News in Brief: A National Roundup
Judges Back Michigan Unions, Rule Background Checks Flawed
In separate rulings, two judges in Michigan have ordered that a list identifying public school employees with criminal records remain under wraps, saying the information is too flawed to be useful.
Ingham County Circuit Judge Joyce Draganchuk issued a preliminary injunction on Feb. 10, following a week in which hundreds of school employees across Michigan learned that a background check required by a new state law had identified them as convicted criminals. ("Mich. Sex-Offender Law Has Educators in Uproar," Feb. 15, 2006.)
The Michigan Education Association, which had sued over the matter, demanded that the results be voided.
Judge Draganchuk, who was deciding whether a temporary ban on releasing the names publicly should be made permanent, agreed with the union and employees that the first round of checks resulted in too many errors and should be kept out of the public eye.
In addition, U.S. District Judge Paul Gadola on Feb. 14 issued a temporary ban on releasing the list and ordered that all copies that were sent earlier this month to school districts be recalled. The temporary restraining order was sought by the 35,000-member Michigan affiliate of the American Federation of Teachers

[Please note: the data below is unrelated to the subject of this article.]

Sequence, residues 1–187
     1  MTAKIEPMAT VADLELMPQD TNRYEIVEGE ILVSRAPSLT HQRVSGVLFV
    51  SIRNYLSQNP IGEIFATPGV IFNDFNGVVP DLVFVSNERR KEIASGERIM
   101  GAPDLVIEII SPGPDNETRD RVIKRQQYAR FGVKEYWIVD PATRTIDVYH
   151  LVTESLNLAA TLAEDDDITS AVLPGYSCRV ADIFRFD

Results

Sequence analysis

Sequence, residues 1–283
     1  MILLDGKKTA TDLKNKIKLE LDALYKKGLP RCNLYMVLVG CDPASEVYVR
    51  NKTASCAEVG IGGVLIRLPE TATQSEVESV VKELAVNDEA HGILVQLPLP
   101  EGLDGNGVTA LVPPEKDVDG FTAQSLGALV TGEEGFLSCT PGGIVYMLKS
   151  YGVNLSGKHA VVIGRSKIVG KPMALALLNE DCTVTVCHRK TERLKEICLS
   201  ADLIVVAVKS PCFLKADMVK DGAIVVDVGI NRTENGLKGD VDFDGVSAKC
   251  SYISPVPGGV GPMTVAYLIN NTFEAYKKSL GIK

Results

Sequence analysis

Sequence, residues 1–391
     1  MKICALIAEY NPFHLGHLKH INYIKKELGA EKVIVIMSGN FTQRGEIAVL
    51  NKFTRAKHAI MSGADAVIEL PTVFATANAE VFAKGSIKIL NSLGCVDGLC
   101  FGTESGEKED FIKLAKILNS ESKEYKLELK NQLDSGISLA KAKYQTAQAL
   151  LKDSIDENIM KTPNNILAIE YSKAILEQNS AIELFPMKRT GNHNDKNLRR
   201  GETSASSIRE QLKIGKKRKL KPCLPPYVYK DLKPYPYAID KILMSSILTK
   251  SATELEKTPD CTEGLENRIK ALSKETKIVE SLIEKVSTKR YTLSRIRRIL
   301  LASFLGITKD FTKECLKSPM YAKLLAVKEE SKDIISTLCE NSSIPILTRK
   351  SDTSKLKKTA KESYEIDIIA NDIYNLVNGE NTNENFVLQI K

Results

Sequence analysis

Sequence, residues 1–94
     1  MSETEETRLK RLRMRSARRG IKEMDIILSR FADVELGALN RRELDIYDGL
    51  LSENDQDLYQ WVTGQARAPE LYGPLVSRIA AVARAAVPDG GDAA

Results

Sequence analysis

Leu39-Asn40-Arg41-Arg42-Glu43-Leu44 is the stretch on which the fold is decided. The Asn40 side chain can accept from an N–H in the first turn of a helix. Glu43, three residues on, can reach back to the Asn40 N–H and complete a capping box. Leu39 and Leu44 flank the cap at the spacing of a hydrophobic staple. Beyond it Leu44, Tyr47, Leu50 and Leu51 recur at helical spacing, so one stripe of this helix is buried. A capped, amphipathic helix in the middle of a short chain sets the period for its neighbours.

A Michigan state police official said last week that the agency would complete a new round of checks by March 1, this time using more stringent criteria to determine matches.
Vol. 25, Issue 24, Page 6
- Director of John C. Dunham STEM Partnership School
- Aurora University, Aurora, IL
- High School Physics Teacher
- The International Educator (TIE), Major cities worldwide, In, United Kingdom
- Online Career Fair - Clark County School District
- Clark County School District, Las Vegas, NV
- Director of Schools (Superintendent)
- Metropolitan Nashville Public Schools, Nashville, TN
- Director of Professional Services
- Engaging Schools, Inc., Cambridge, MA